For Release October 2, 1998
Universities to Demonstrate Technology in Higher Education
Governor to Speak to Award Winners
PIERREFifty-seven faculty members of South Dakotas public universities will demonstrate technology in higher education teaching and learning in an exhibition at South Dakota School of Mines and Technology in Rapid City on October 8. Governor Bill Janklow, who created the special competitive grant program, will address the award winning professors and others at the demonstration, which is open to the public. The exhibition is being held in conjunction with the Board of Regents regular business meeting.
In January, when Governor Janklow created the Faculty Awards for Teaching with Technology, he said that the purpose of the grants was to give faculty time and resources for redesigning courses to integrate applications of technology into their disciplines. In April, when he announced the award winners, Governor Janklow said, "Those faculty who won the awards show imagination in applying technology to instruction. College students today will enter a work world totally immersed in technology. We owe it to them to ensure that they are prepared to compete. The way to reach the students is to reach the faculty first."
All tenured and tenure-track faculty at the six public universities were eligible to submit a grant proposal. A team of external reviewers from higher education evaluated the proposals. Each grant recipient received compensation, while redesigning the course during the summer, and support funds that could be used for travel, training, equipment, and software associated with the project.
"We appreciate Governor Janklows investment in the faculty of our universities," said Regents President James O. Hansen. "He challenged them to be creative and we think that they rose to that task. These faculty will now serve as mentors to other faculty as they also develop and adapt their courses to apply technology in their disciplines."
Regents Executive Director Robert T. Tad Perry added, "The Governors foresight in wiring and equipping the universities for the Governors Electronic Classrooms has pushed South Dakota to the forefront in using technology to collaborate in delivery of instruction. And he knows that equipment without the time to learn to use it is an empty promise. So this grant program for higher education faculty is another innovative step. Teaching the teachers is an integral part of the whole adaptation of technology to learning. The students are the beneficiaries of this whole process. South Dakota cannot afford to be left behind."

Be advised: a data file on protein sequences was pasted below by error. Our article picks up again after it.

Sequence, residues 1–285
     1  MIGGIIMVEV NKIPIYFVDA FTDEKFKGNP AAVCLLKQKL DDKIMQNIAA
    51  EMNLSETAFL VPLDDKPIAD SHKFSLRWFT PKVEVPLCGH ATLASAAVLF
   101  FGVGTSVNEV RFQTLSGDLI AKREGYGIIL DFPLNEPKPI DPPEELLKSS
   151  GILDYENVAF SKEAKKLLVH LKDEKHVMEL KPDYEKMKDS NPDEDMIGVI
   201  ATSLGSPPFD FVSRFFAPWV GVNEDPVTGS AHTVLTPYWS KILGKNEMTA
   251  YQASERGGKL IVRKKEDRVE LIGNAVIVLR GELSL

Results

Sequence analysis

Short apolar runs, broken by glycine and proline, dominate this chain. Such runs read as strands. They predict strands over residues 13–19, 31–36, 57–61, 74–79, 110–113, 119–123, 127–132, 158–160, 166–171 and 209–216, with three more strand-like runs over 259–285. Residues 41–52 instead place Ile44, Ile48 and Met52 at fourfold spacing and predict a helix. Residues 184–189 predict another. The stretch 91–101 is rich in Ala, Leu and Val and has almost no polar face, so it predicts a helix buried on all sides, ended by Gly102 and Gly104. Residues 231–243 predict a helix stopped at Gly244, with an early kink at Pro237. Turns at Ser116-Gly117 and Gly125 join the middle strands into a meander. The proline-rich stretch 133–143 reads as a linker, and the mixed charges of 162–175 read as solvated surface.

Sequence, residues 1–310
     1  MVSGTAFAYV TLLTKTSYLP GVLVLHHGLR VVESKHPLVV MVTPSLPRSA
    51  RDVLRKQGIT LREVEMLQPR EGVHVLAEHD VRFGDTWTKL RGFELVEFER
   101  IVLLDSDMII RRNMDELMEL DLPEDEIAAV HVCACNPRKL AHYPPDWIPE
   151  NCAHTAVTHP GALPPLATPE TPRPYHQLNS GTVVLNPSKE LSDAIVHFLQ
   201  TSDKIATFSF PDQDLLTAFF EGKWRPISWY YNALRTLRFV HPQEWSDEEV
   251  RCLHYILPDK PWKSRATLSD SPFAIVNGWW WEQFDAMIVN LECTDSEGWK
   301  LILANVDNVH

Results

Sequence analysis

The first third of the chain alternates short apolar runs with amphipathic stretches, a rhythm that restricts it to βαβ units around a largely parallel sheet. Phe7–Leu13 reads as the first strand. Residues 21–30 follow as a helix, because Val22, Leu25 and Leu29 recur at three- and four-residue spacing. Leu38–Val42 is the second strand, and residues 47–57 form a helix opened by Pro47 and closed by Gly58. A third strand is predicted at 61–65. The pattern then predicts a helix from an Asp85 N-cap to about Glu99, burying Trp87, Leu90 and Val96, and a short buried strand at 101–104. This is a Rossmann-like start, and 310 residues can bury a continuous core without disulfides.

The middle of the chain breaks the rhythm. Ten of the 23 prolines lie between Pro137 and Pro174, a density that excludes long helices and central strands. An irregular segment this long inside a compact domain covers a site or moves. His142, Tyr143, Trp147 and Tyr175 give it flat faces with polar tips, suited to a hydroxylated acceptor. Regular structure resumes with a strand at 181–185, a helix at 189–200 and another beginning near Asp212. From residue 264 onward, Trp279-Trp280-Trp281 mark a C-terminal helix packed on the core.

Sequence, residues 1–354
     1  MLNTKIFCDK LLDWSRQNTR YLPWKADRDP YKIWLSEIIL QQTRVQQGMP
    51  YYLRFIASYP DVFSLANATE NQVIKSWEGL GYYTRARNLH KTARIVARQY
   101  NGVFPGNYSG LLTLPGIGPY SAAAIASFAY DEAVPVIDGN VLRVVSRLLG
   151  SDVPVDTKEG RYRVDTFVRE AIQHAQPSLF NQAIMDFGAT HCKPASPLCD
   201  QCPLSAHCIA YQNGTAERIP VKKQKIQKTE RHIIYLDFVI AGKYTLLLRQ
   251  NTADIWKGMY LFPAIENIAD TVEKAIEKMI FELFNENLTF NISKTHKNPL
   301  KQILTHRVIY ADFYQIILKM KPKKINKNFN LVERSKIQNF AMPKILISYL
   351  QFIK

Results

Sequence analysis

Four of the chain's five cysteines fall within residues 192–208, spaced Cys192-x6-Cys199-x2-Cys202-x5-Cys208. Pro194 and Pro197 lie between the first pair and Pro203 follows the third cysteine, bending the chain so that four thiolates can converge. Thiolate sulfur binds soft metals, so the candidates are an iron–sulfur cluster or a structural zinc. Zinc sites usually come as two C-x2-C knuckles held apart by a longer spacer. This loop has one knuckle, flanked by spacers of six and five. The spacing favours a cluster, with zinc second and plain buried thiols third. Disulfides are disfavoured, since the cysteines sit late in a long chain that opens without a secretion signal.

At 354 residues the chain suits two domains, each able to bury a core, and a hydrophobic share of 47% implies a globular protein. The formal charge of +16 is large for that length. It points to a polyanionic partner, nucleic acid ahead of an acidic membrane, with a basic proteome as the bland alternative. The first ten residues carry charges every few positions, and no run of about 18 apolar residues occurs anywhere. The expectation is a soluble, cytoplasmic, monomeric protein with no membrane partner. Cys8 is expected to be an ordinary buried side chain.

"The future of education lies in technology," said Beata Derryberry, a student at Black Hills State University in one of the redesigned courses. "My career as a teacher will be greatly affected by technology. Through this course, I am being exposed to many different technological tools and educational software. The information I gain from this class will help me be more proficient as a teacher in the technology age," she added.
The exhibition will be open from 12:30 to 5:00 p.m. in the Ballroom of the Surbeck Student Center on the campus of SDSMT, 501 East St. Joseph Street, Rapid City. Governor Janklow is expected to address the gathering at 2:30 p.m., MDT (3:30 p.m. CDT). His address will be carried on the Internet at http://www.hpcnet.org/SDEdNet. To view the live webcast, it is recommended that viewers have a Pentium class computer with multimedia capability and a High Color or True Color video card. Necessary software includes Windows 95 or later, Internet Explorer or later, and Media Player 2.1 or above (available for free download at www. microsoft.com). The Governors address will be followed by a panel discussion among award winners.
The Governors address and the panel discussion will also be broadcast over the RDTN for viewing at the studios on the university campuses. The public is invited to attend either the demonstration at SDSMT or the RDTN broadcast at the universities.
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